A review of “Eleanor Oliphant Is Completely Fine” by Gail Honeyman

In my experience, if one genuinely enquires, very few people are “completely fine” – and Eleanor Oliphant, a finance clerk in Glasgow, is far from this state of bliss. Indeed she is a deeply troubled woman of 30, although only gradually do we discover exactly why in this accomplished first novel by Honeyman.

The story is told by Eleanor herself in very literate terms (she has a degree in classics) which by turns are amusing and moving. This is a woman of very limited social experience and inter-personal skills who is trying to lead a self-contained life that ultimately is a profoundly lonely one.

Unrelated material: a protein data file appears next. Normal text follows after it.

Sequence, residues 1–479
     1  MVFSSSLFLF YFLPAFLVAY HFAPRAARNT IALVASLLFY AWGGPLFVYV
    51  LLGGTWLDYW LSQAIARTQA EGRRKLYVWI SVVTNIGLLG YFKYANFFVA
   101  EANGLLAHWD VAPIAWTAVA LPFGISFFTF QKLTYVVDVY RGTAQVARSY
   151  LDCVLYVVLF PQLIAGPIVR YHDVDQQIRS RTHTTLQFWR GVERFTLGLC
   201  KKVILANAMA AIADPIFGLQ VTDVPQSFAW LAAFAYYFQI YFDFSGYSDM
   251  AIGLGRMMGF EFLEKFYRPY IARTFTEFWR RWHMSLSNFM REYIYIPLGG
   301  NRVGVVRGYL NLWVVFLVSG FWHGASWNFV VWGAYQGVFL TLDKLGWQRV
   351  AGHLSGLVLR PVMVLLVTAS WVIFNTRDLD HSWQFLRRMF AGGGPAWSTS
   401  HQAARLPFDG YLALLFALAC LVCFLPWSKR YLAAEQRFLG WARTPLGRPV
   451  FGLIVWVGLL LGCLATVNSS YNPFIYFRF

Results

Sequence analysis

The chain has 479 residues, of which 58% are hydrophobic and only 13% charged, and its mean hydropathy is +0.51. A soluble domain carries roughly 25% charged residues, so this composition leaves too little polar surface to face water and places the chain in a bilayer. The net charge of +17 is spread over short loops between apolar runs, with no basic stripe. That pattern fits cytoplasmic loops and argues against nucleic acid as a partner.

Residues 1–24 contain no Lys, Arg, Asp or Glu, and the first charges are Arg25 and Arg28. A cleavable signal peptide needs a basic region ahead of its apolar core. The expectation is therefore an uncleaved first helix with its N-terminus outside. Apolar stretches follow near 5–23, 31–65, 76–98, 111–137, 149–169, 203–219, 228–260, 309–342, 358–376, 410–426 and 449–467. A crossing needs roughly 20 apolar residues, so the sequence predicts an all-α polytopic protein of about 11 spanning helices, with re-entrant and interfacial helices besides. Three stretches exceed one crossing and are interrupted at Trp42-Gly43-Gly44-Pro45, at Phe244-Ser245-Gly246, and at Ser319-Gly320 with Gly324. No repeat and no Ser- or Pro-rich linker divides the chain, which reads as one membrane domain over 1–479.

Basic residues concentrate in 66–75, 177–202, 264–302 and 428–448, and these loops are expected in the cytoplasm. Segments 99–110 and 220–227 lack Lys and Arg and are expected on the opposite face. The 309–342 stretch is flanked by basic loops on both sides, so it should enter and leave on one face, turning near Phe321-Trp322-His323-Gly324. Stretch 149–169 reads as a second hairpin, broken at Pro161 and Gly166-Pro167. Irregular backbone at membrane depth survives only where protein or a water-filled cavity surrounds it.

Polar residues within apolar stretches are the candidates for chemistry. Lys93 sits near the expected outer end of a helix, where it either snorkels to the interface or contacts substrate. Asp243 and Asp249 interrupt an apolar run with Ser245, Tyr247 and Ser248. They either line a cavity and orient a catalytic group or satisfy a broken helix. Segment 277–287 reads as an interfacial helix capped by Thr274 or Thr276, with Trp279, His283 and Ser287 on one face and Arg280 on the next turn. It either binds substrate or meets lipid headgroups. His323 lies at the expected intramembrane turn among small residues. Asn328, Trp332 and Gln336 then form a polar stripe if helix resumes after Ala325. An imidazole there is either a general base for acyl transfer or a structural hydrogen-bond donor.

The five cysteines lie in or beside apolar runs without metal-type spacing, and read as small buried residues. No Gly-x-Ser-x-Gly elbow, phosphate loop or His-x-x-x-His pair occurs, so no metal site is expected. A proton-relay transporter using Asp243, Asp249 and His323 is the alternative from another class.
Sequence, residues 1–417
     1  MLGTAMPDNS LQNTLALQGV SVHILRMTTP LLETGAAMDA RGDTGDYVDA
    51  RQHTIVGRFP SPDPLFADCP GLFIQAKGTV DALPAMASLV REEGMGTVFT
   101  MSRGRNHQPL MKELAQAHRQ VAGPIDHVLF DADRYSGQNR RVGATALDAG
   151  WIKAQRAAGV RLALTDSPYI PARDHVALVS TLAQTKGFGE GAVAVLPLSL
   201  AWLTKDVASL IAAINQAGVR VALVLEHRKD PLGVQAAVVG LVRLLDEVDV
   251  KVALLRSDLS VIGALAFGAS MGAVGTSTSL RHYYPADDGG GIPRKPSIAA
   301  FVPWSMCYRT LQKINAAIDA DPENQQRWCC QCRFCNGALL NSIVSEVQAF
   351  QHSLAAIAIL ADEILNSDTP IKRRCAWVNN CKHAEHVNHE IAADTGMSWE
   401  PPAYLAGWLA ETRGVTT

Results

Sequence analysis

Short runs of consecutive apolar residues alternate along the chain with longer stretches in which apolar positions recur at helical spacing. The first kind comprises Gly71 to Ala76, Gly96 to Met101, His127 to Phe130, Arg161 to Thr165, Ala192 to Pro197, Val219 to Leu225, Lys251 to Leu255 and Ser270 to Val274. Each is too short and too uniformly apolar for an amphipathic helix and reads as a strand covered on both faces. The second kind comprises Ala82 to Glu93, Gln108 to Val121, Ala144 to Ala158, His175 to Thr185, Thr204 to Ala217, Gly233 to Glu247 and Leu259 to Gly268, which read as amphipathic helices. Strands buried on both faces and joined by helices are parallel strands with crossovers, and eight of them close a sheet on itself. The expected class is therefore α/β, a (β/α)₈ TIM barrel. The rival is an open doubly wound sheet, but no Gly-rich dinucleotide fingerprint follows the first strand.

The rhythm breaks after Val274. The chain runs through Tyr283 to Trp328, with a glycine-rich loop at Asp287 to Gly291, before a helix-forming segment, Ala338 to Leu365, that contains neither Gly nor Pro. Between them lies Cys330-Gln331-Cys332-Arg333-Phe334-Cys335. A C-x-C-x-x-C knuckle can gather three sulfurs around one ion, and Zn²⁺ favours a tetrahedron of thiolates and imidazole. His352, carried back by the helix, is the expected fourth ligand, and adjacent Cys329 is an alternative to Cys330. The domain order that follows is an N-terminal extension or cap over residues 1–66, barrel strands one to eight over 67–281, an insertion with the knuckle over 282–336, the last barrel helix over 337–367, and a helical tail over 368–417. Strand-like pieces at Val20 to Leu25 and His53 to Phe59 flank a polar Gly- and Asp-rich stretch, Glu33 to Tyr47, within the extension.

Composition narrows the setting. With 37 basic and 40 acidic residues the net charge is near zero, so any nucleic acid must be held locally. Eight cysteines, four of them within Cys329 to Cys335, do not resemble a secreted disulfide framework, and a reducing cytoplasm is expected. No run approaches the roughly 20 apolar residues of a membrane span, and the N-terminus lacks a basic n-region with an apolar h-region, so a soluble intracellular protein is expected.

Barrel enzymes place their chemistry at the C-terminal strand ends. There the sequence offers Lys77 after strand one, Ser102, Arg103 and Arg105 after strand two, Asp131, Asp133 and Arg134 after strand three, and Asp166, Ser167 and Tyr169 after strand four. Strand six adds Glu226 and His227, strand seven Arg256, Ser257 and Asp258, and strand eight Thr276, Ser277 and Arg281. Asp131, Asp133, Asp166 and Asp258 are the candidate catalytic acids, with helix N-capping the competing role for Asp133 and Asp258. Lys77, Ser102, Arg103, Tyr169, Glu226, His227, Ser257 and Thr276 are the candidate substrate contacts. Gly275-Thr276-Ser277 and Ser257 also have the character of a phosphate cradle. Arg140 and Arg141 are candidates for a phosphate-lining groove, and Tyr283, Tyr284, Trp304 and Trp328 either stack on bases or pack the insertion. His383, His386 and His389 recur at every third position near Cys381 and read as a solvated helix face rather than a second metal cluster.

At the beginning of her tale, she declares: “I’m Eleanor Oliphant. I don’t need anyone else – there’s no big hole in my life, no missing part of my own particular puzzle. I am a self-contained entity.”

But later she admits: “These days, loneliness is the new cancer – a shameful, embarrassing thing, brought upon yourself in some obscure way. A fearful, incurable thing, so horrifying that you dare not mention it; other people don’t want to hear the word spoken aloud for fear that they might too be afflicted, or that it might tempt fate.”


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